We hope that within the span of time that a grad student is here, there is a survey being done in the field. They can get field experience and use the data. The data is proprietary for two years, and then we release it broadly. Anyone in the world can download the datasets from the first two rounds.
How do you collect the data?
We visit the households. Some of these questionnaires can take four to five hours to complete. One of the advantages of studying developing countries is that it’s cheap to collect data and the response rates are much higher than in the United States. I’ve helped lead a survey in the U.S. of 8,500 households — it cost $23 million. In India, where the questionnaire is probably eight times longer, the total cost is about $750,000.
A lot of the work involves data collection or using data from other countries. That’s what’s exciting. You can get good new data from these countries to try to find out what’s going on. It continues over years so then you can ask dynamic questions, like: How have things changed over time?
For our Ghana and India surveys, we collect an enormous amount of data. If those being surveyed are farmers, you get inputs and outputs. You get the loans they’re taking and their savings. You give them aptitude tests. You get their height and weight. You’re going to learn about irrigation. You’ll learn about migration or temporary migration. Think of anything you’d want to know, we want it in that survey. That’s why it takes four or five hours.
Five hours is a substantial commitment of time, what’s the response rate?
Our response would be somewhere around 90%. People enjoy telling you about their stuff. I’ve surveyed a lot of farmers in India and they want to show you everything. They enjoy it.
People there value their time differently than we do. In most villages there are no cinemas or shopping centers there. There’s no television. They enjoy talking to people. That’s different than here. We all have better things to do than sitting down and answering silly questions over the phone, let alone allowing somebody into your house. Sitting down and talking to people is an interesting activity for these folks.
My favorite example is the guy who was doing well, and he showed me his proudest possession in his newly remodeled house. It was a Phillips TV still in its box because his village had no electricity — it was a failure of the government.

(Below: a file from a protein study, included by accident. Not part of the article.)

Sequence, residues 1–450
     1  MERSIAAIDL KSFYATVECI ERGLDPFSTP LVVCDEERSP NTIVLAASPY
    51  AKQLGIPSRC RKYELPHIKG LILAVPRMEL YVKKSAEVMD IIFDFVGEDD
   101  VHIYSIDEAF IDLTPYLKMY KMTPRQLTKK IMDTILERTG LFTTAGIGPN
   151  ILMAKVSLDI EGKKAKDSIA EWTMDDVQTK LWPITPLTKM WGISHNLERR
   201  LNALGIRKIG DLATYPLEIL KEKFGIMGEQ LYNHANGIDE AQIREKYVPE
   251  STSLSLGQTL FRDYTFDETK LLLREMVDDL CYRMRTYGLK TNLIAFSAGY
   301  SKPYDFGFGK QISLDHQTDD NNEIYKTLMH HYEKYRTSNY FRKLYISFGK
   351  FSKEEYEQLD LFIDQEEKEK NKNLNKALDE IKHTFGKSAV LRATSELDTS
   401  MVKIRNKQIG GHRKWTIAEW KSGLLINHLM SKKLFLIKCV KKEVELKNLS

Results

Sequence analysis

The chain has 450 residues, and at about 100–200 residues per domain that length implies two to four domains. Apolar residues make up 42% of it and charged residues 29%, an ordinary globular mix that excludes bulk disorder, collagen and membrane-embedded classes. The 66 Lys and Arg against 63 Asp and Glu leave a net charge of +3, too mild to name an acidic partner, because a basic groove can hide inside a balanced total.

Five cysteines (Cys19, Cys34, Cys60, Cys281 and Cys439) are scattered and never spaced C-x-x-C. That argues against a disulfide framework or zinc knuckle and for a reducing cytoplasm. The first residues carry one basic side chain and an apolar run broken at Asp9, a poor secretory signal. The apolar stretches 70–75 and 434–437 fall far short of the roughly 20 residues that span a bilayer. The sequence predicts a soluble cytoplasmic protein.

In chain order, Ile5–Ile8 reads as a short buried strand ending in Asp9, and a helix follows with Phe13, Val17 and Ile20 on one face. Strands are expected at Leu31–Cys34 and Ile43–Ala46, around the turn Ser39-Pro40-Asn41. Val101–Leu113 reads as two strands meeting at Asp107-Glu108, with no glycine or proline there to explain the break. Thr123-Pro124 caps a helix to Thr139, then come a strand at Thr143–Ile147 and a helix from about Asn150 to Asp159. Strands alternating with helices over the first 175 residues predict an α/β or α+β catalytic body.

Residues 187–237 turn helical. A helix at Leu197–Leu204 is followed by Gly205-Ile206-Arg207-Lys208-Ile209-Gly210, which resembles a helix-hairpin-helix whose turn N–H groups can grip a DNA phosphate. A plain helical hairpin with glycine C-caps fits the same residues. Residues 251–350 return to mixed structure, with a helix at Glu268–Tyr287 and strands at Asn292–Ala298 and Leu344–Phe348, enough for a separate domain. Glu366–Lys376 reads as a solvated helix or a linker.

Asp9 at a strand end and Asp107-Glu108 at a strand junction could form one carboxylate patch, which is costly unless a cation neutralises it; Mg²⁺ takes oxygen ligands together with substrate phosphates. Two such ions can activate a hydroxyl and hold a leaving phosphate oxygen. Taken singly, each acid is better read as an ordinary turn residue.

And they’re not bashful about talking about their money. In the U.S., people would rather talk to you about their sex lives than their finances. The data we get is surprisingly accurate.
How did Yale become a leader in this field of research?
There were two other institutions doing development work when the Economic Growth Center started: The Food Research Institute at Stanford and the Harvard Institute for Development. Both are no longer here. They died because the faculty moved to consulting, which paid better. The Growth Center never fell into that trap.
The field of studying development had died more than 25 years ago. With the exception of Yale, there were no researchers in the field. Why? The rest of the economics profession had moved to using data. Census data became available. People started collecting survey data in the United States. Computers led to developments in econometrics: How to use the data to learn something from it.
But there were no data from low-income countries. The economists studying development had never had any data. With no facts, they didn’t need to develop econometrics skills. They basically developed grand theories of development, which we could sit here all day and discuss.
The Growth Center was one of the few surviving institutions. In the 1970s, the center hired T. Paul Schultz and Robert Evenson — what distinguished them from everyone else in development was that they were using micro data. Schultz was studying health and population using actual household data. Evenson was doing agricultural economics, which was particularly relevant because it’s the dominant occupation in most poor countries. There had always been agricultural data. You could use econometrics to analyze it. I was trained as a labor economist, and then I saw that I could study development using econometrics. That’s because of what was happening here at Yale.